Mac & cheese

pasta and cheeseThis is a true story about today’s lunch, mac & cheese. This is how I cook. Kids, don’t try this at home.

Every day I have a huge salad for my main meal. Except I never seem to be able to time my shopping in order to have enough ingredients to last a full week, so almost always on the day before I go into town for groceries I have to get creative.

Sometimes that involves actual cooking.

Today was that day.

Normally I make macaroni and cheese with, um, macaroni. You know, the pasta that’s shaped like little tubes with a bit of curl to them? I don’t know why macaroni is the pasta of choice for a mac & cheese recipe, but it is. I didn’t have any macaroni, but I did have some kind of spiral pasta, probably whole wheat and organic. I can’t tell you for sure, because it was in a jar that had been vacuum sealed at a time in my life when I didn’t bother labeling things because “I wouldn’t forget”.

Never mind about that. Pasta is pasta, far as I’m concerned. I dumped the contents of the 32 oz. Mason jar into salted boiling water. Gave it a bit of a mix. Wondered – briefly – just how long I was supposed to cook it. Oh, come on! All it takes is tasting it for doneness every so often, right?

A few scorched tongue’s worth of tasting later, I decided I was too hungry to wait for the pasta to get softer, so I drained and rinsed it. I then melted about a third of a stick of butter in the pot. Note that normally I make mac & cheese with yogurt so it’ll be nice and moist, but I didn’t have any yogurt. No probs. I don’t think you can have too much of melted butter, yogurt or not.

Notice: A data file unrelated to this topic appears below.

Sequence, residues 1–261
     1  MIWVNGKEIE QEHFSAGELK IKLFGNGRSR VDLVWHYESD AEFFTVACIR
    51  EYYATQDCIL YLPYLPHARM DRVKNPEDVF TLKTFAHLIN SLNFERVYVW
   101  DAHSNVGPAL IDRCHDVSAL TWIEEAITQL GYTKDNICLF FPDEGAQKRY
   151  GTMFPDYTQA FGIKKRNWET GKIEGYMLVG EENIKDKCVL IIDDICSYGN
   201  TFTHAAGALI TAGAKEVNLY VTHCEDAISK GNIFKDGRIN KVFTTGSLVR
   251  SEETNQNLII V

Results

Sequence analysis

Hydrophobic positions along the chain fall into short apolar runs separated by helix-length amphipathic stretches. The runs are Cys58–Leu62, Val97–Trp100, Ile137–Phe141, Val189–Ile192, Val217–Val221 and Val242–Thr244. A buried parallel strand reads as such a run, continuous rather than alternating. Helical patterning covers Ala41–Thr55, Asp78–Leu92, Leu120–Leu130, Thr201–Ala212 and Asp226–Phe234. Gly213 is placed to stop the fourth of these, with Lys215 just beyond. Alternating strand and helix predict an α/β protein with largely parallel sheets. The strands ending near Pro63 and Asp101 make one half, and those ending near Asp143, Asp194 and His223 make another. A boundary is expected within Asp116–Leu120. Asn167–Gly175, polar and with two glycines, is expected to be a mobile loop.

The cheese part of mac & cheese must be cheddar, however. Absolutely no choice there. Unfortunately I had less than 4 oz left of extra sharp and I knew that wasn’t going to add up to enough. Since I had no yogurt to make up the cheesy difference I decided to sacrifice what remained of my cream cheese, about half of a block of Philly. Okay, perhaps a little less, as a certain amount of cream cheese went into my mouth before it got to the pot of pasta, which was at that point reheating in the pool of butter. I stirred it all up while the cream cheese melted, then gave what I had so far a taste, just to be sure I was on the right track.

You’d think with all that butter it would be moister, but no. So I added some olive oil. Gave it a taste. Something… oh right, forgot the cheddar cheese.

When the mess of melted cheese and pasta had achieved the proper consistency I gave it another taste. It was okay but bland. There wasn’t enough cheddar to lead the flavor party. A heaping spoonful of Dijon mustard added just enough zing. And then a dash or two of sea salt. Hmmm… maybe…

Rosie began barking. What in the world? I looked at her sitting up alertly looking at me. She was right. Enough was enough. I think she was warning me I was headed down the road to clogged arteries if I didn’t stop now. I tasted the final product and pronounced it perfect.

Except. sadly, I had taste-tested so much that I wasn’t hungry for mac & cheese anymore. In fact, I was too full for even one more spoonful. I was actually… over full. Uncomfortable, really.

So that’s it. That was more-or-less my lunch, that was how I made it, and that’s what I’ve done today instead of editing the sequel to Dark Green. Honestly, it could be worse. I mean, now I have no room left for that second sleeve of Girl Scout Thin Mints that is calling to me from the freezer.


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About lifstrand

Lif Strand began writing fiction when she was a kid. Nobody read her stories. A former Arabian horse breeder and endurance racer, then reporter and freelance white paper writer, Lif lives in a straw bale house off-the-grid and writes fiction once more--or at least whenever she’s not scooping horse poop, taking photos, or playing with fabric art.

One Response to Mac & cheese

  1. Dede says:

    Hmm. Wondering what you would have come up with if no pasta was available!